‘Miracle’ herpes treatment eradicates tumours in terminally-ill cancer patients

Cancerous tumor
Terminally ill cancer patients have seen their tumors completely eradicated or shrunk after being treated with a genetically engineered version of the herpes virus.
Scientists at the Institute for Cancer Research in London have developed a new therapy that infects and destroys cancer cells while boosting the immune system.
In early studies evaluating the safety of the therapy, a quarter of patients with end-of-life cancer saw their tumors stop growing, shrink, or disappear entirely.
Krzysztof Wojkowski, 39, a west London construction worker who ran out of treatment options after developing a salivary gland tumor, has been cancer-free for two years since taking part in the study at London's Royal Marsden in 2020.
"I was told there were no more options for me and that I would receive end-of-life care," he said.
Krzysztof Wojkowski, 39, has been cancer-free for two years since taking part in the study
“I had injections every two weeks for five weeks which completely eradicated my cancer.
"I've been cancer free for two years now, it's a true miracle, there's no other word to describe it. I can work as a builder again and spend time with my family, there is nothing I cannot do.”
Virus causes cancer cells to burst
The genetically engineered virus - called RP2 - is injected directly into the tumor, where it multiplies and ruptures cancer cells from the inside.
It also blocks a protein called CTLA-4, which shuts down the immune system, giving the body more options to fight off the cancer. In addition, the virus also produces molecules that stimulate the immune system to act against cancer.
The therapy was tested on 39 patients with cancers, including skin, esophageal and head and neck cancer, who had exhausted all other treatments.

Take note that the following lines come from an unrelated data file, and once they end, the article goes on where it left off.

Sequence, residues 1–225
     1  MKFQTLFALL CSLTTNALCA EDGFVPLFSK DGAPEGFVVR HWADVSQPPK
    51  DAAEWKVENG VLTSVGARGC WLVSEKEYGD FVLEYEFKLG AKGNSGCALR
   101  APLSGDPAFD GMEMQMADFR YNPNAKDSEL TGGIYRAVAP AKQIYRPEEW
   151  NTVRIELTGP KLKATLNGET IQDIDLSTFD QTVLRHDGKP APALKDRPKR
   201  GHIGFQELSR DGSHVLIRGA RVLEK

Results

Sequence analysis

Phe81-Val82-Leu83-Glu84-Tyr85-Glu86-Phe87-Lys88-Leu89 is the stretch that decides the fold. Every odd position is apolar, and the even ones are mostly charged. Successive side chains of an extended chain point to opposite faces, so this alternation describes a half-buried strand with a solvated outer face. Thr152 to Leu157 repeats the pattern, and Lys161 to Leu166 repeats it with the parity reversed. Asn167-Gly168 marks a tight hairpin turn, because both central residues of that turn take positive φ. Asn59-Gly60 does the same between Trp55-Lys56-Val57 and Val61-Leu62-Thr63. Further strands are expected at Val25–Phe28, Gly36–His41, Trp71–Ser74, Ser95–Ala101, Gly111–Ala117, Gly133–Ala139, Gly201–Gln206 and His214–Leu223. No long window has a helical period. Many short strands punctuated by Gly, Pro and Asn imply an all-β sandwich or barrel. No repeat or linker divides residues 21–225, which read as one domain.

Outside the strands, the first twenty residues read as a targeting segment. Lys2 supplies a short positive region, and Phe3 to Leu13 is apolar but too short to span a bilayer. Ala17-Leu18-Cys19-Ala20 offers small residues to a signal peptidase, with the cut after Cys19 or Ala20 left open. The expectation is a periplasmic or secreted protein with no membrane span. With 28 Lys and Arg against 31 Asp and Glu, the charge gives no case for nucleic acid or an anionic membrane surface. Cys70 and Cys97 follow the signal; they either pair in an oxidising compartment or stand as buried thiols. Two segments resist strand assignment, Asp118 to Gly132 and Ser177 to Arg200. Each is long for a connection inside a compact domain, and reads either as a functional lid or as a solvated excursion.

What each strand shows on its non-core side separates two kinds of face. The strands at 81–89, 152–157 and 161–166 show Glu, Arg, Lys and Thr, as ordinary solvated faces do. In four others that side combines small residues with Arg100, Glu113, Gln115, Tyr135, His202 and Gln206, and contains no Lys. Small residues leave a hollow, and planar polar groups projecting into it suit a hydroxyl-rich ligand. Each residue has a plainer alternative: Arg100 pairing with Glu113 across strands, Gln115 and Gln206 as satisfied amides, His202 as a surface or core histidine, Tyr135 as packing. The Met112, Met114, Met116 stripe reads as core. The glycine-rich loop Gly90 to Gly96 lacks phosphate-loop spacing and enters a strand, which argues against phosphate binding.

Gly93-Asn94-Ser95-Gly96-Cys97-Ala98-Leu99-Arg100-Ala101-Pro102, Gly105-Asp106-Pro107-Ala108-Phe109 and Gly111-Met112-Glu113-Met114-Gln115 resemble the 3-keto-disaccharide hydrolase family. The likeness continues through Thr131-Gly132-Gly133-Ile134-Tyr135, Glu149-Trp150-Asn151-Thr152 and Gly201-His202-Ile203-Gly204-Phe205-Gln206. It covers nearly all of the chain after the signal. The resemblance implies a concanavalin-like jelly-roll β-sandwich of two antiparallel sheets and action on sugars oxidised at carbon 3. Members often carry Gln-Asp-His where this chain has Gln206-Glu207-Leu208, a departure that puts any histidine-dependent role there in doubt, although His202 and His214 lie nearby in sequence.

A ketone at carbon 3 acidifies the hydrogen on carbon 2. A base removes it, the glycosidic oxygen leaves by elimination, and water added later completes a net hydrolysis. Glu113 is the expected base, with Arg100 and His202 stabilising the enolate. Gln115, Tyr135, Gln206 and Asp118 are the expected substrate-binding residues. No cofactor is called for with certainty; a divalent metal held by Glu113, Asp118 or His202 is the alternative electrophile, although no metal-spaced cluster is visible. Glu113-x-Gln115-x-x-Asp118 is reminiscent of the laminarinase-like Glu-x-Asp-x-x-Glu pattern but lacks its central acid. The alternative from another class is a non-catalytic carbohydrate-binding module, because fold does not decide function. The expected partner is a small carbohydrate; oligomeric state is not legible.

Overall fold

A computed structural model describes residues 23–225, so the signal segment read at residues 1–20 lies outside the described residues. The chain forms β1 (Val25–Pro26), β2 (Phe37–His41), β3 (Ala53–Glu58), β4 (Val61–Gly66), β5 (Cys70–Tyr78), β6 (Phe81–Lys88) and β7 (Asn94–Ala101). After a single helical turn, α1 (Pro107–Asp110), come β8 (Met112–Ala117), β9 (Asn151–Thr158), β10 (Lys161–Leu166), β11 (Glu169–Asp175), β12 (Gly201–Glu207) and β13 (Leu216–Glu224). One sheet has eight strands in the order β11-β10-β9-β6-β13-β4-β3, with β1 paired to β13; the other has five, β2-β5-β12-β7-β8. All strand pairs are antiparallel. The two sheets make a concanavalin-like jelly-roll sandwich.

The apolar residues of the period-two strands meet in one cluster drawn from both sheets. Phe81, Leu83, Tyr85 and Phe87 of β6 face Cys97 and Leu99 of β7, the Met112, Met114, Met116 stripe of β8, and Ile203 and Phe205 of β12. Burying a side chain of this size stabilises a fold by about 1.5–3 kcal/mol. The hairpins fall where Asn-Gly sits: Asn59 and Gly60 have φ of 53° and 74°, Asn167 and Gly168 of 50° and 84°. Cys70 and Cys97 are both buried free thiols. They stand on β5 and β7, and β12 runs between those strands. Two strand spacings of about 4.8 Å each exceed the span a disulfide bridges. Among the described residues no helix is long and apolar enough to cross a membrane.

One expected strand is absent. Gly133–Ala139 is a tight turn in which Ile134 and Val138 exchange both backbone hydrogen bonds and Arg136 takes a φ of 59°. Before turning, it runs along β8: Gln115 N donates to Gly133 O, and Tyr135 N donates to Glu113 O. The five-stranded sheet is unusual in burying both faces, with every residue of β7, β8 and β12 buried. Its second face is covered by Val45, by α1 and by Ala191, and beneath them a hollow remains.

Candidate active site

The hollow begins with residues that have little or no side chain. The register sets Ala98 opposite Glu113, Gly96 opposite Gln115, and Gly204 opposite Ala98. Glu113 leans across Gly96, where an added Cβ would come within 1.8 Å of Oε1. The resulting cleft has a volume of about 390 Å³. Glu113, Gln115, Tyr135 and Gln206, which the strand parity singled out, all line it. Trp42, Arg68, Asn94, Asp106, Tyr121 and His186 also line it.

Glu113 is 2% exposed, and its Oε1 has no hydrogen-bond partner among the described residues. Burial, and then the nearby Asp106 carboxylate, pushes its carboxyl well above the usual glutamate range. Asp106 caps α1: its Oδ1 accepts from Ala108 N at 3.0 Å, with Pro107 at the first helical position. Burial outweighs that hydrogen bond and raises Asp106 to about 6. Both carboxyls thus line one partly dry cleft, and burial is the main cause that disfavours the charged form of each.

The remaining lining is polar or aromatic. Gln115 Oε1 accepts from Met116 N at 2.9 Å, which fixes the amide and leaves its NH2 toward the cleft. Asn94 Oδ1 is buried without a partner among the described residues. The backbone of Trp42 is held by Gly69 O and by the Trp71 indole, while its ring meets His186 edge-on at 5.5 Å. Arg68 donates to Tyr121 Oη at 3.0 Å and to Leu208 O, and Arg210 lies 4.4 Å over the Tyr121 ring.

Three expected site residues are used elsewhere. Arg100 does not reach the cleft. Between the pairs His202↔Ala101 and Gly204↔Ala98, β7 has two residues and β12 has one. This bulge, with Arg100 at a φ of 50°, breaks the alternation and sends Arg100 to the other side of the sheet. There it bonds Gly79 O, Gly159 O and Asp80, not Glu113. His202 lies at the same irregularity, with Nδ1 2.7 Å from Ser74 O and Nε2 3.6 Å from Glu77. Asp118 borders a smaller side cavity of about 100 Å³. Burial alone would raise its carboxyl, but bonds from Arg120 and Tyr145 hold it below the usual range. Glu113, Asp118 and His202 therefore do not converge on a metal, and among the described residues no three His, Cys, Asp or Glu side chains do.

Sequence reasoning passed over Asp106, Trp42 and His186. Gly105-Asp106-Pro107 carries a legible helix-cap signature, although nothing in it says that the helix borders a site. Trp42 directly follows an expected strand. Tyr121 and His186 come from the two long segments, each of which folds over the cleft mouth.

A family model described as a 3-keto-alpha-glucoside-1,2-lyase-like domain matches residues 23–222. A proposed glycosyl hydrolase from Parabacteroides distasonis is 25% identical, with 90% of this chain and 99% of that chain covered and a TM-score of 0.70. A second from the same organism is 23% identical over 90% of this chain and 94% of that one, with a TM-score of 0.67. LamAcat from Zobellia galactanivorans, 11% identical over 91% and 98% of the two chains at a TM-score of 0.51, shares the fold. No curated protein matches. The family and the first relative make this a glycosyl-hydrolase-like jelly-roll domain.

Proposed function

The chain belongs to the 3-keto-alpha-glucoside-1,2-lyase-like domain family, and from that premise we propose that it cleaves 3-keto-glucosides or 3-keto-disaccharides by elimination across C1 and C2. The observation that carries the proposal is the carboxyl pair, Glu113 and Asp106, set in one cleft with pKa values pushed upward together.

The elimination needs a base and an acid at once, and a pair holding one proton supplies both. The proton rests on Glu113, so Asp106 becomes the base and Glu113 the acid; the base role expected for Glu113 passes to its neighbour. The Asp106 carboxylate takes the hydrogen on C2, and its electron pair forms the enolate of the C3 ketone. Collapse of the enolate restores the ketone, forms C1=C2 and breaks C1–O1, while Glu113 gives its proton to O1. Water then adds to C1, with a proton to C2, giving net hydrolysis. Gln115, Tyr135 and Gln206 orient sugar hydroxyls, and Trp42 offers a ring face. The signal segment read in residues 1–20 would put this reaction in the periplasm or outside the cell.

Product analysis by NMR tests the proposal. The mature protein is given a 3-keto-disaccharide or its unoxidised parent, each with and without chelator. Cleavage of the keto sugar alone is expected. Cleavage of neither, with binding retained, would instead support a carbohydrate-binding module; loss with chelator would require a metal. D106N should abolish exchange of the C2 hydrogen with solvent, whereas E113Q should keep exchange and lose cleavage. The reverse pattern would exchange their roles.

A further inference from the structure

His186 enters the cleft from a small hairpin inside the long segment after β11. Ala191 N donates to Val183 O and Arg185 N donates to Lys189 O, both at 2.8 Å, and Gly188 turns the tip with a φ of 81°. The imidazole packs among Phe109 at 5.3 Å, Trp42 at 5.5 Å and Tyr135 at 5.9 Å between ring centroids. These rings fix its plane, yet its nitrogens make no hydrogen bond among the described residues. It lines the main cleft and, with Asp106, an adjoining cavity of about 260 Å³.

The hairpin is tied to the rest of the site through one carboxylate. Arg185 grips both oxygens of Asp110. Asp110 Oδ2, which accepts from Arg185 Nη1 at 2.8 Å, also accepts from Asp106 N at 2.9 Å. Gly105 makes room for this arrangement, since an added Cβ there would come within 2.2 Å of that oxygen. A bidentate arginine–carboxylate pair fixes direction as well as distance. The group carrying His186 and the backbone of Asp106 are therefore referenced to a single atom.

The results showed that about a quarter saw a benefit.
The herpes simplex virus is a common infection that many people already carry latently without problems.
The researchers examined patient biopsies before and after RP2 injections and found positive changes in the tumor's "immune microenvironment" - the area immediately surrounding the tumor. Injections led to more immune cells in the region, including CD8+ T cells, and "switched on" genes associated with the "anti-cancer" immune response.
The team found that most side effects of RP2 were mild — some of the most common were fever, chills, and fatigue. None of the side effects were severe enough to require medical intervention.
Professor Kristian Helin, Chief Executive of the Institute of Cancer Research, London, said: "Viruses are one of humanity's oldest enemies, as we have all seen during the pandemic. But our new research suggests we can exploit some of the properties that make them challenge opponents to infect and kill cancer cells.
"It's a small study, but the early results are promising. I really hope that as this research expands, patients will continue to benefit.”
Potential to become a new treatment option
Study leader Kevin Harrington, Professor of Biological Cancer Therapies at the Institute of Cancer Research, said: "Our study shows that a genetically engineered cancer-killing virus can deliver a double whammy against tumors - by destroying cancer cells directly from the inside, while also simultaneously turning on the immune system against them .
“It's rare to see such good response rates in early-stage clinical trials, as their main goal is to test treatment safety and they involve patients with very advanced cancers who are no longer working with current treatments.
“Our initial study results suggest that a genetically engineered form of the herpesvirus could potentially become a new treatment option for some patients with advanced cancer, including those who have failed other forms of immunotherapy.
"I'm excited to see if we continue to see benefits as we treat an increasing number of patients."
The research was presented at the 2022 European Society for Medical Oncology (ESMO) Congress and the team hopes to move on to larger trials.

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